Category : News
In this podcast, the panelists explore how Dadabhai Naoroji developed the idea of swaraj, or Indian self-government, during his political and nationalist career, which included groundbreaking economic research on Indian poverty, engagement with emancipatory movements around the world, and becoming the first-ever Asian elected to the British Parliament. Naoroji’s swaraj was global in nature. It evolved from contact with European liberalism and socialism and, at the same time, had a significant influence on the growth of global anti-colonialism and antiracism.
The China-India relationship is one of the keys to international security, the future of Asia, and the well-being of nearly 3 billion people, and recent border tensions between the two powers perpetuate the potential for conflict. But while these small clashes continue, the two countries have also built a system of cooperation to manage their conflict and larger rivalry. We spoke with Professor Miller to learn more about the China-India relationship, the opportunities to manage conflict, and the steps forward.
On August 15, Prime Minister Modi will announce India’s National Digital Health Mission — underpinned by the Personal Health Record design that was proposed by India Digital Health Network (IDHN) collaborators at a Radcliffe Seminar in 2016. IDHN is a Harvard-wide research and policy collaborative that works with public and private sector partners in India to advance meaningful health data exchange with the intent to improve clinical care and population health.
Recently, the internationalization of higher education has been deeply impacted by the twin forces of the COVID-19 pandemic and international politics. While resurgent nationalism and xenophobia around the world had already cast doubts on the importance of a globalized system of higher education, the pandemic has only added to the conundrum by imposing restrictions to the normal movement of people within and between the world’s universities.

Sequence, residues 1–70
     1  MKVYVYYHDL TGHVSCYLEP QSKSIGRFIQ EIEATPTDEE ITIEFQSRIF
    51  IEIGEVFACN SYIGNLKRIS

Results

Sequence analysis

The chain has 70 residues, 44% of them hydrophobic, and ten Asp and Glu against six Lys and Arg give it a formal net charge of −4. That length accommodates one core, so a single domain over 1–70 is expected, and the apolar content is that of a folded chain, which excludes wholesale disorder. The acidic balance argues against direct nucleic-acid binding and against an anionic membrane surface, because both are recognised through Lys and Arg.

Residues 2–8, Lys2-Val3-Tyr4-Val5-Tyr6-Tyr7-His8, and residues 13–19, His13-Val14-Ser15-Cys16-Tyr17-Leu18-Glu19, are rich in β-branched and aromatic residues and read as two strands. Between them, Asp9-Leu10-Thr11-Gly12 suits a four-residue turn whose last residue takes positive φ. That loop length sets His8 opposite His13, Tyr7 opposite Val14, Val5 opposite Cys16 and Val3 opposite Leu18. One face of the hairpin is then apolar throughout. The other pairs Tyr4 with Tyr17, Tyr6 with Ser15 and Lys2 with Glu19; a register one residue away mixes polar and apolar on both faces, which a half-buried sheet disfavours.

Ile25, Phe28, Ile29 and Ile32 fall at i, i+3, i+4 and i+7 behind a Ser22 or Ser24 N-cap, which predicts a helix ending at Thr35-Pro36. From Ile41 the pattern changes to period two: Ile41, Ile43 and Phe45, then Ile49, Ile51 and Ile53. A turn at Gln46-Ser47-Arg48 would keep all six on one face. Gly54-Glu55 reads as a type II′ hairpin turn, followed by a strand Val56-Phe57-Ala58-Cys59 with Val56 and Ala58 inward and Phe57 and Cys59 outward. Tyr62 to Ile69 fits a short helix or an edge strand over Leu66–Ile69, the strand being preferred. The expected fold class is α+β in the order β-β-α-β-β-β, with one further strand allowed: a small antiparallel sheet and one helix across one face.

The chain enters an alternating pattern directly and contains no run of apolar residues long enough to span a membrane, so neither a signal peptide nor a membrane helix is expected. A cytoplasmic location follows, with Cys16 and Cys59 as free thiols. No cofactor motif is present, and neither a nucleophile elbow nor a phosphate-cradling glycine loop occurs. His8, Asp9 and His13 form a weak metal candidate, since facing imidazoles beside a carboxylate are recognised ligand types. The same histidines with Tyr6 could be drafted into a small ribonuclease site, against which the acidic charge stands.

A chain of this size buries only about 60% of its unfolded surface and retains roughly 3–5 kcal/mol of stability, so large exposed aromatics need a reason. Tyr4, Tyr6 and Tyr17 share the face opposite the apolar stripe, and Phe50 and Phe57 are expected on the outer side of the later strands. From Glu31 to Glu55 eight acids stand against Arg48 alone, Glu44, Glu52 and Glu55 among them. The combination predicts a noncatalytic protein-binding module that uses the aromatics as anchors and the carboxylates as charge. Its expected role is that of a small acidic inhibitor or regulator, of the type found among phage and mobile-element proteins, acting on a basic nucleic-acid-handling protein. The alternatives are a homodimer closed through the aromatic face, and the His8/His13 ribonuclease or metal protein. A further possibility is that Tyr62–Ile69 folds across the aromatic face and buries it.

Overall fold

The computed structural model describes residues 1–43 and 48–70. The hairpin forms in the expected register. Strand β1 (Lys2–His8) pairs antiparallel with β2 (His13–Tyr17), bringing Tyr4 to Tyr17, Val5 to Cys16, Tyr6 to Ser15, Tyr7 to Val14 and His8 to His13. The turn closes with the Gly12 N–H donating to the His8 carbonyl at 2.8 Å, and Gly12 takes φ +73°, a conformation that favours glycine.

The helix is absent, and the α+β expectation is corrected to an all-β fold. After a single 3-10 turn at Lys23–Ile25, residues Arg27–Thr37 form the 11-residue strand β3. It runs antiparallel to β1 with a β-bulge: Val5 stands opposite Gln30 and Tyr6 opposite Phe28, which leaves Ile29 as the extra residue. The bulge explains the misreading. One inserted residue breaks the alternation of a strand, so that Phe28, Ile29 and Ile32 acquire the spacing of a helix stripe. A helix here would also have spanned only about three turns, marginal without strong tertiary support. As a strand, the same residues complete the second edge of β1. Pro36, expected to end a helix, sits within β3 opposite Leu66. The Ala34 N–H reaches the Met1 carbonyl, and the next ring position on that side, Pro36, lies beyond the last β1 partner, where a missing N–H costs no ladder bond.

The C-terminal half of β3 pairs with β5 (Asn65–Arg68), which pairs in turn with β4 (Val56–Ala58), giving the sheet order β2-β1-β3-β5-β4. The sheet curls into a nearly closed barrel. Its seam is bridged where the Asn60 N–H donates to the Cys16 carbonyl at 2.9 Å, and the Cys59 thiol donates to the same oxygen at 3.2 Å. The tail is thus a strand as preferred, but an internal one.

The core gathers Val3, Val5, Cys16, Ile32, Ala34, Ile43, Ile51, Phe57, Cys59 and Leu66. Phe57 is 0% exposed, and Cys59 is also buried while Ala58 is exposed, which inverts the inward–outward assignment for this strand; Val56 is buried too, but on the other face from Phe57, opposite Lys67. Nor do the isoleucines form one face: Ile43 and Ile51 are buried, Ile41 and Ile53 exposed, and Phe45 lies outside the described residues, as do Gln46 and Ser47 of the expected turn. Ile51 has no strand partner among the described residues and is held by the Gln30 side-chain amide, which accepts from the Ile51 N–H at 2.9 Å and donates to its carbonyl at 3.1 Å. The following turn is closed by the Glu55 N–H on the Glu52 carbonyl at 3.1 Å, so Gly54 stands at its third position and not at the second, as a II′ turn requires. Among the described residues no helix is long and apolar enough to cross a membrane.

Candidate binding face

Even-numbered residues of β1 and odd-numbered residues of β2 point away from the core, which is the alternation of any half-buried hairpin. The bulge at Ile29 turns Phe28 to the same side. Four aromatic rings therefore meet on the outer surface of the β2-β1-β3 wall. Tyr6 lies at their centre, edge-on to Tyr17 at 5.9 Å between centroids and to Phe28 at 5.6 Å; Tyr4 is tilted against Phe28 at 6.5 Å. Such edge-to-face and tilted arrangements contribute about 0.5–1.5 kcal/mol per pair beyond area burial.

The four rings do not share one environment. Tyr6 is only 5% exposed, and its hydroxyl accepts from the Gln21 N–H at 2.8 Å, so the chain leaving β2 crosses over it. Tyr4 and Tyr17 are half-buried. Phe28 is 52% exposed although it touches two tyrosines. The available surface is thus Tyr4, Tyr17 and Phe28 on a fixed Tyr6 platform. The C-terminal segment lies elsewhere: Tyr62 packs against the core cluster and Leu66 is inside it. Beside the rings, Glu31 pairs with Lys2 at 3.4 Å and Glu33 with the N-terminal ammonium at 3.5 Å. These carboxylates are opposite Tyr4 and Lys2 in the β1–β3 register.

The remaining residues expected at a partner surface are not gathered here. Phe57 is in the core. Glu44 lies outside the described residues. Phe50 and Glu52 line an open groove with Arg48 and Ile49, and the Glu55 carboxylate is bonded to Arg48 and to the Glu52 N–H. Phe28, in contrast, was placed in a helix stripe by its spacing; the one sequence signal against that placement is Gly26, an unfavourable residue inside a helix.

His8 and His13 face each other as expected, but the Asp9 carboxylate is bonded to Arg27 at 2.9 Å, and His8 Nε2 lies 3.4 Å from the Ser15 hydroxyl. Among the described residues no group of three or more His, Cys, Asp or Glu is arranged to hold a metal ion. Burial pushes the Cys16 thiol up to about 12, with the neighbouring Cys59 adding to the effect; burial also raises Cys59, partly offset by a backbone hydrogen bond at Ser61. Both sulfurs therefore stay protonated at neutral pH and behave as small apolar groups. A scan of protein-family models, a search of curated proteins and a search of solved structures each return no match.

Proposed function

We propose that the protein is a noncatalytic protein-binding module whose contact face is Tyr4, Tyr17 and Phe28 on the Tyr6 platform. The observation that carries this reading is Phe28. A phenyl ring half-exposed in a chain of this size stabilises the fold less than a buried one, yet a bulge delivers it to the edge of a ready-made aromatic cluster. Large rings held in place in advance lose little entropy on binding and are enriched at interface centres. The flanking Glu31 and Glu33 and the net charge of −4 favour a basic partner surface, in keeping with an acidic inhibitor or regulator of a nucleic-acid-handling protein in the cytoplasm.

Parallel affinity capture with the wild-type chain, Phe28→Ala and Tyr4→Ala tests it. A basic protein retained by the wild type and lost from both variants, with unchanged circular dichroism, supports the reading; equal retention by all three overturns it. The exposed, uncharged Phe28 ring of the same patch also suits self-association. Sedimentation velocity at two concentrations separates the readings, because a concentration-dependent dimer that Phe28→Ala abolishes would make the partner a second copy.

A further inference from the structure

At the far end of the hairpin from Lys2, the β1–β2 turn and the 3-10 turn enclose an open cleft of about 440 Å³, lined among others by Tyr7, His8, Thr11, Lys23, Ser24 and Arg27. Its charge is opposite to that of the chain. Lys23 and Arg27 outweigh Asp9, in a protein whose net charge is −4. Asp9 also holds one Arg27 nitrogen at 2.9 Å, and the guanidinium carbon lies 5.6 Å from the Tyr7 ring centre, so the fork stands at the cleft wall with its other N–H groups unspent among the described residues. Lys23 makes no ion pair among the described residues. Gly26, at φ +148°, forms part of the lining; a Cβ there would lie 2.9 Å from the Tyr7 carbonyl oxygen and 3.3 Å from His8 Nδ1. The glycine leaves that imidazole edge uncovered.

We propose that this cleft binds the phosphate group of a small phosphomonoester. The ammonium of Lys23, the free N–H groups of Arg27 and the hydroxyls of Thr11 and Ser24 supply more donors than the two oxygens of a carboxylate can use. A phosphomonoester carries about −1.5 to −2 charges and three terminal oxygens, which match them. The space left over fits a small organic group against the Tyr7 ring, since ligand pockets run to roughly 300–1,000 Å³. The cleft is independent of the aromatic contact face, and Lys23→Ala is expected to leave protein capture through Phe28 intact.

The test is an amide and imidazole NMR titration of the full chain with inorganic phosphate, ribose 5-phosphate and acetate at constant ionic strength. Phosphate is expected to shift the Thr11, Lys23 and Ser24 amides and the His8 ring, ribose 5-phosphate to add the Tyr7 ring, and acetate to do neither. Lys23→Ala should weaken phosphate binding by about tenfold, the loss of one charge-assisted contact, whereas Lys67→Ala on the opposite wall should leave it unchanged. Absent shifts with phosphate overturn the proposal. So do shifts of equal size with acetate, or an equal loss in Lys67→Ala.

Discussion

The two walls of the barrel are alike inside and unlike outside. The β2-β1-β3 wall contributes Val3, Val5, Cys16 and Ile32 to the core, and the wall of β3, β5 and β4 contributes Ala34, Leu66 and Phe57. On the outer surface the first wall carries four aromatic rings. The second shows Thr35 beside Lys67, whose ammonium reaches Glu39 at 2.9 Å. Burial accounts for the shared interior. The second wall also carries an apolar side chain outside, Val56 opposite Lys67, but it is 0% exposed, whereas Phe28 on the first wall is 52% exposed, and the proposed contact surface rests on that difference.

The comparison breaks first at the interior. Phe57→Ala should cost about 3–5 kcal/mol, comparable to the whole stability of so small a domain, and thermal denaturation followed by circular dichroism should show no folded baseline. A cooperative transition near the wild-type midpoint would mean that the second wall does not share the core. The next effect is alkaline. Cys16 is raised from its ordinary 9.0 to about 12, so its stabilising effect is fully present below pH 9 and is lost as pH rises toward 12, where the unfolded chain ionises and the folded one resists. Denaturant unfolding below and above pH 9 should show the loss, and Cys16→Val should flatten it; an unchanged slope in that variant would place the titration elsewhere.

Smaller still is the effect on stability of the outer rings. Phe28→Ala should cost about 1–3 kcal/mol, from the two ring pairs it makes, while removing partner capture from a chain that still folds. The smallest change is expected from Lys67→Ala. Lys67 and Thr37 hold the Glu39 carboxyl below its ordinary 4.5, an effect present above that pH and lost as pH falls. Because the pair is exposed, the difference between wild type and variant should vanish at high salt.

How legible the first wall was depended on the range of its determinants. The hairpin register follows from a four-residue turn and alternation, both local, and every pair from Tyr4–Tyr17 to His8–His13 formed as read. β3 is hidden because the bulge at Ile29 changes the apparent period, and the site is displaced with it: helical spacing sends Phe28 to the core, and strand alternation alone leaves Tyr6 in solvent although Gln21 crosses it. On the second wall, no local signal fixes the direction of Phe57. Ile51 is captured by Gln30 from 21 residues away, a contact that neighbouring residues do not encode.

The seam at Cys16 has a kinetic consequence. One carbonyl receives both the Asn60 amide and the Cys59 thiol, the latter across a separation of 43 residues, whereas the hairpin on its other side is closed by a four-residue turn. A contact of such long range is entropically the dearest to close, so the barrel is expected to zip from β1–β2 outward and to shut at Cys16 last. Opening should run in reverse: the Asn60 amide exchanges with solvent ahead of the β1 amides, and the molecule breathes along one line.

By Raile Rocky Ziipao. In the light of the Indo-China face-off in Ladakh that led to the deaths of 20 Indian soldiers along the Line of Actual Control (LAC) at Galwan Valley, there is now an acute urgency to focus on border infrastructure. From a policy perspective, India needs an infrastructural revolution at its borders for national security, to fortify against external threats, to bring connectivity to unconnected territory, and to maintain peace and prosperity.
Over 5 billion people living in developing nations face seemingly insurmountable institutional voids that the entrepreneur must overcome to be successful. Contemporary Developing Countries: Entrepreneurial Solutions to Intractable Problems teaches you to apply interdisciplinary tools to address challenges ranging from limited access to education and health, lack of water, sanitation and uncontaminated food, lack of financial services, deep-seated corruption, and now, the raging pandemic.
Spring 2020 Visiting Artist Fellow Numair Abbasi is a Pakistani artist whose practice draws on popular culture and anecdotes to challenge how gender is socially constructed and performed. In this video, he discusses the work behind his virtual exhibition, Everyday Encounters, with the Harvard Ed Portal.
A recent panel discussion at the Mittal Institute, “Rethinking the Museum Experience During and Post-COVID-19″ — moderated by Jinah Kim, George P. Bickford Professor of Indian and South Asian Art at Harvard University — explores how art institutions can remain nimble enough to respond to uncertainties, such as COVID-19, adapting their approach to tackle similar situations in the future. How can art institutions engage their patrons as partners in the sustainability of museums?
Veronica Vargas, PhD, is an economist who focuses on health economics, global health, and health policy. As a research affiliate with the Mittal Institute and visiting scholar at Harvard University for the past three years, she has explored the research and development (R&D) of novel vaccines and drugs in both South Asia and Latin America. More than ever, this expertise has become essential in the understanding of global needs for R&D in the face of a pandemic and additional neglected diseases around the world.
The Mittal Institute’s recent panel webinar, “Swaraj: Dadabhai Naoroji and the Birth of Indian Nationalism,” was moderated by Sven Beckert, Laird Bell Professor of History at Harvard University, in discussion with Dinyar Patel, Assistant Professor at S.P. Jain Institute of Management and Research.
We spoke with Hasna Jasimuddin Moudud, a Research Affiliate at the Mittal Institute and the author of numerous books, including “Where Women Rule: South Asia,” and “Mystic Poetry of Bangladesh.” For decades, she has journeyed the Silk Road to learn more about the connections and exchanges of goods, ideologies, and knowledge across centuries and continents, and shared with us some of her discoveries along the way.